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What If Obesity Is the Symptom Not the Disease? [The Research Answer to the Question of Whether You Can Be "Healthy Obese"]

Posted Nov 05 2013 2:20am


Dr. Peter Attia, like many new doctors, thought he had this whole healthy living thing figured out. So much so that when a woman came into his ER one night in 2006 with uncontrolled type II diabetes and needed a foot amputation, he had nothing but “bitter contempt” for her, for allowing herself to get that way. “If she’d just watch what she ate and exercised a little she wouldn’t be in this position,” he remembers thinking as he unceremoniously lopped off her limb.

So far, Attia’s story is like so many countless other doctor interactions with obese patients – sad, too common, and not terribly helpful. But then Attia’s story changes from the common narrative, in three important ways.

1. He recognized the unfairness of his attitude, even as he was thinking it.

2. He got metabolic syndrome – a precursor to type II diabetes – himself, just a few years later despite watching what he ate and “exercising four hours a day.” 

3. He questioned the conventional wisdom about obesity, turning the research of it into his life’s work. Which led to a very interesting conclusion.

In regards to the first point, I have to give him mad props. It takes some humility to recognize that you’re being an unsympathetic jerk and to regret it. He wanted to give all his patients the benefit of “non judgement” when it came to their care but it turns out doctors are only human too and end up making biased generalizations, just like the rest of us!

But the second point is where his story, as chronicled in his TED talk (holy crap are those not the best invention ever?), gets interesting. Even though he was a doctor and doing everything “right”, the way he’d been taught in medical school, he developed insulin resistance and then full-blown metabolic  syndrome – scary because it’s a known risk for not just diabetes but heart attacks and early death. He took his diet restriction to “extreme” levels and upped his workouts to four hours per day. (How does a doctor find four hours a day to exercise?) But it wasn’t until he started focusing on his insulin (and cut his exercise way down) that he was able to drop the extra weight and return all his health measures back to normal.

The experience made him wonder if obesity is really a symptom and not a disease, as was so famously decided by the AMA earlier this year. Attia compares it to an epidemic of people banging their shins on coffee tables and getting bruises. “Would we then treat the bruises?” he asks, adding that people could be prescribed pain pills and special creams and makeup to make the bruises more flattering ( hahah !). But of course that would be ridiculous considering the plethora of sharp-edged coffee tables in the world. Rather you would remove some of the coffee tables or teach people how to avoid bumping into them or even provide them with shin guards to prevent the issue from occurring in the first place. Now, trade bruises for obesity and shin-banging (must…not…make…joke…) for insulin resistance.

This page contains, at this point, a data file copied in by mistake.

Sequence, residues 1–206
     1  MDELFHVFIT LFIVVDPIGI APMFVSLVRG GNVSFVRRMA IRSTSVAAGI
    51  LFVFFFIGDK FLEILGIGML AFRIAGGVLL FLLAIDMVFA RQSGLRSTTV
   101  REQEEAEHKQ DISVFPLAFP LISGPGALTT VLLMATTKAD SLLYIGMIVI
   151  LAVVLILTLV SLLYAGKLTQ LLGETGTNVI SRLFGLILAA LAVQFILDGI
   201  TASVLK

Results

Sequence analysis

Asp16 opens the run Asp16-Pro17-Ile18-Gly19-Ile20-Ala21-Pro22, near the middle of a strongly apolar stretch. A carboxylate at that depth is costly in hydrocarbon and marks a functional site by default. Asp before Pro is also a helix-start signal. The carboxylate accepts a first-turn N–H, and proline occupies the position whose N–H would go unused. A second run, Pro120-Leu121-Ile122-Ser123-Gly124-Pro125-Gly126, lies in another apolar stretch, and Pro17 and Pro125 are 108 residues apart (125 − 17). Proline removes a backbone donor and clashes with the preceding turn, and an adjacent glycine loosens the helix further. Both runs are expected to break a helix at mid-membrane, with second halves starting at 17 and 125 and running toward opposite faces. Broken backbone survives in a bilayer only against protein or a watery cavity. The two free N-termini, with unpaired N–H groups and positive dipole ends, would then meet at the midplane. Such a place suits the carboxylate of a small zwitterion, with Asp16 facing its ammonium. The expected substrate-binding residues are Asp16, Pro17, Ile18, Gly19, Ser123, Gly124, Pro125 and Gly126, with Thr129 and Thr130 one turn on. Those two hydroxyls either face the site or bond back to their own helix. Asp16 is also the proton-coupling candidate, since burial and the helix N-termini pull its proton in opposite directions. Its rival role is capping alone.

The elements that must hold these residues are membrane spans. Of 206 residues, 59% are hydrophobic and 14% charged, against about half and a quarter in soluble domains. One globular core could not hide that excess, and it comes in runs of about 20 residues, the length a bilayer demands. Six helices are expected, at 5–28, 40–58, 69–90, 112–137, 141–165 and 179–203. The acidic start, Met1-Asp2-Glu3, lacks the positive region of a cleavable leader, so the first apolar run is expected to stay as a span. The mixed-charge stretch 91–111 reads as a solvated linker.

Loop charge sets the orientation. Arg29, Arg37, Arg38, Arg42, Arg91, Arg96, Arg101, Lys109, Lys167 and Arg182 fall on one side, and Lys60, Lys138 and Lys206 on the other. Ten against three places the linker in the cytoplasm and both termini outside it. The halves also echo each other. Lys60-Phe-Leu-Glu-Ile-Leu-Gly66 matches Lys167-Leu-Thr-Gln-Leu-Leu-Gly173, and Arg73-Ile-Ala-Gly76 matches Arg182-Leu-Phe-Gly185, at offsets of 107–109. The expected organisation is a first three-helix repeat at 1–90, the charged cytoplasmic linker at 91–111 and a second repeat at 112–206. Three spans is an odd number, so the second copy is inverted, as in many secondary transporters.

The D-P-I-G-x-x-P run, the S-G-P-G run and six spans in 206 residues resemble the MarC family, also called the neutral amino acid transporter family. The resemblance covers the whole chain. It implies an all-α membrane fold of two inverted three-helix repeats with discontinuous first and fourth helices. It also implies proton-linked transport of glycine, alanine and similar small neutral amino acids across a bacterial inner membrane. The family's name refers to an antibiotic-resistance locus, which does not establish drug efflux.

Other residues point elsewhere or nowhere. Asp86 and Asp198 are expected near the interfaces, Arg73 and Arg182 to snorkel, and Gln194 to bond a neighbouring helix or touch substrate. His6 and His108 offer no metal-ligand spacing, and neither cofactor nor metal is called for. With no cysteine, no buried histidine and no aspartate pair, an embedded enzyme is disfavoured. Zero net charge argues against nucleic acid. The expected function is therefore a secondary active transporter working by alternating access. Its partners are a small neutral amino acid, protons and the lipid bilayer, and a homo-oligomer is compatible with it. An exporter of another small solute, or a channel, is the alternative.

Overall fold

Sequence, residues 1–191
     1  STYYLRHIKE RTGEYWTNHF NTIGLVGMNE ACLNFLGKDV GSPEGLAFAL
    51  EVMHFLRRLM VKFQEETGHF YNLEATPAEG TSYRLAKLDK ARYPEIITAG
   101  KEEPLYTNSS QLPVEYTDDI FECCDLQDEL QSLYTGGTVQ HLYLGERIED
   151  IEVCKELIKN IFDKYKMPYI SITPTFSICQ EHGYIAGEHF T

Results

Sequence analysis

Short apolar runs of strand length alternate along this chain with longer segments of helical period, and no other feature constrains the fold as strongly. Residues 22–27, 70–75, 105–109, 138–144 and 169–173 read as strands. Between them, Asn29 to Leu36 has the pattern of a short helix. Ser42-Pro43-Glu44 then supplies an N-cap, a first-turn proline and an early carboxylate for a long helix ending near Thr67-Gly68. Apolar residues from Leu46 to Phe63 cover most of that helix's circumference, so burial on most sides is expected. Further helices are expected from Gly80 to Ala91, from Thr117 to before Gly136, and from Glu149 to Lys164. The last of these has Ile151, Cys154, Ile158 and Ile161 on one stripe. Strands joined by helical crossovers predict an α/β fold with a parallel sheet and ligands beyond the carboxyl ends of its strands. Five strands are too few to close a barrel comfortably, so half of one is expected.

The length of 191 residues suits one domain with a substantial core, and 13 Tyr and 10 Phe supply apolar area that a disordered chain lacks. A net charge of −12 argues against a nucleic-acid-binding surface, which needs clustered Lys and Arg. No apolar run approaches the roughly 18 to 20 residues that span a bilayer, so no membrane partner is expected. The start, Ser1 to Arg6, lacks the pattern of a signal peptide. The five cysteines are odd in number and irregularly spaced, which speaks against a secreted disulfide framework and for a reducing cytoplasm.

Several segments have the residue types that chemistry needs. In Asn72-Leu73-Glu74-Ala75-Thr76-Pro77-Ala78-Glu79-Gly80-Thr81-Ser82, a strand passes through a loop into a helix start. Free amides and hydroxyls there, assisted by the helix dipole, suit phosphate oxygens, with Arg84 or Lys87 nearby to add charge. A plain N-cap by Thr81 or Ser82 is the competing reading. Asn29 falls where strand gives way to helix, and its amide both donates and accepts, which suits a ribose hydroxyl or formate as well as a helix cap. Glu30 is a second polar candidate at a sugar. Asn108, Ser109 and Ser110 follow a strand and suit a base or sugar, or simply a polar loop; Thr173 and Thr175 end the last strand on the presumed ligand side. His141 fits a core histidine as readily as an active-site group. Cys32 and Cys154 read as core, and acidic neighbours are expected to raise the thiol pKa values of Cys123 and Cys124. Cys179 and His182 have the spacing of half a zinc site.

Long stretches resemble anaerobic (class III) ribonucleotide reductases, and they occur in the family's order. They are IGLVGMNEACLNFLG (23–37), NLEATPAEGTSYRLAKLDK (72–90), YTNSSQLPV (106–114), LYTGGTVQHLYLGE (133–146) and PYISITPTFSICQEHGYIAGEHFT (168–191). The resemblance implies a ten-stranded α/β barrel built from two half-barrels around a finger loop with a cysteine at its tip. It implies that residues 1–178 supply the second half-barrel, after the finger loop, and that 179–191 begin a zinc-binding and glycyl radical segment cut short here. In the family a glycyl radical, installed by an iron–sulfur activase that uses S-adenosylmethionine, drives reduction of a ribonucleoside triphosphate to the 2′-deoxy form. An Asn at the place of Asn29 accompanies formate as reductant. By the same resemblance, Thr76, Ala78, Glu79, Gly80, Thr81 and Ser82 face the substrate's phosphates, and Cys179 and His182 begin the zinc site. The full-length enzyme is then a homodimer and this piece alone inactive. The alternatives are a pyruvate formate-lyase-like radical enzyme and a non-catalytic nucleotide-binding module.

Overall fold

“Could it be that, in the same way a bruise forms in order to protect the body after an injury, that gaining weight is a coping mechanism for a deeper problem at the cellular level?” Attia asks. “What if we’re fighting the wrong war—fighting the obesity rather than insulin resistance? Even worse, what if blaming the obese means we’re blaming the victims? What if some of our fundamental ideas about obesity are just wrong?” (Emphasis mine.)

So Attia went to the research, both doing his own and studying that of others, to answer these questions by challenging the conventional wisdom. One of the first interesting connections he found answers the often perplexing question of “If obesity is the disease, why are some obese people totally healthy (as defined by health measures like blood pressure, cholesterol, etc)?” Looking at the biomarkers of thousands of people, he discovered that some obese people have insulin resistance, as measured by a blood test, whereas others do not. The obese people with insulin resistance are the ones who get diabetes and have the health risks we typically associate with all obesity. He also found that some normal-to-under weight people also have insulin resistance, whereas others in that same cohort do not. And, the skinny folks with insulin resistance not only had the same health issues and risks as the obese insulin-resistant group but the skinny peoples’ health issues were worse. Yeah, I’ll let that one sink in for a minute.

In addition, he cites a recent a study published in The New England Journal of Medicine   that looked at 5000 people with type II diabetes over 13.5 years. Half were assigned a “lifestyle intervention” that focused on losing weight while half were given “standard diabetes care” including insulin shots and meds. Surprisingly, while the first group did lose weight their incidence of heart attacks, death from cardiovascular causes, and nonfatal strokes was exactly the same as the other group. This discovery actually led the trial to be stopped early. The researchers concluded that the relationship between obesity and health risks was more complicated than previously assumed. Attia thinks it was the untreated insulin resistance in both groups that led to the health problems, regardless of their body weight.

Attia’s theory is that obesity is the body’s way of protecting itself from too much insulin (i.e. the “bruise” created by the coffee table run-in). It led him to focus his research on the theory that it’s insulin resistance that is the real health risk and obesity is the symptom of it, not the other way around.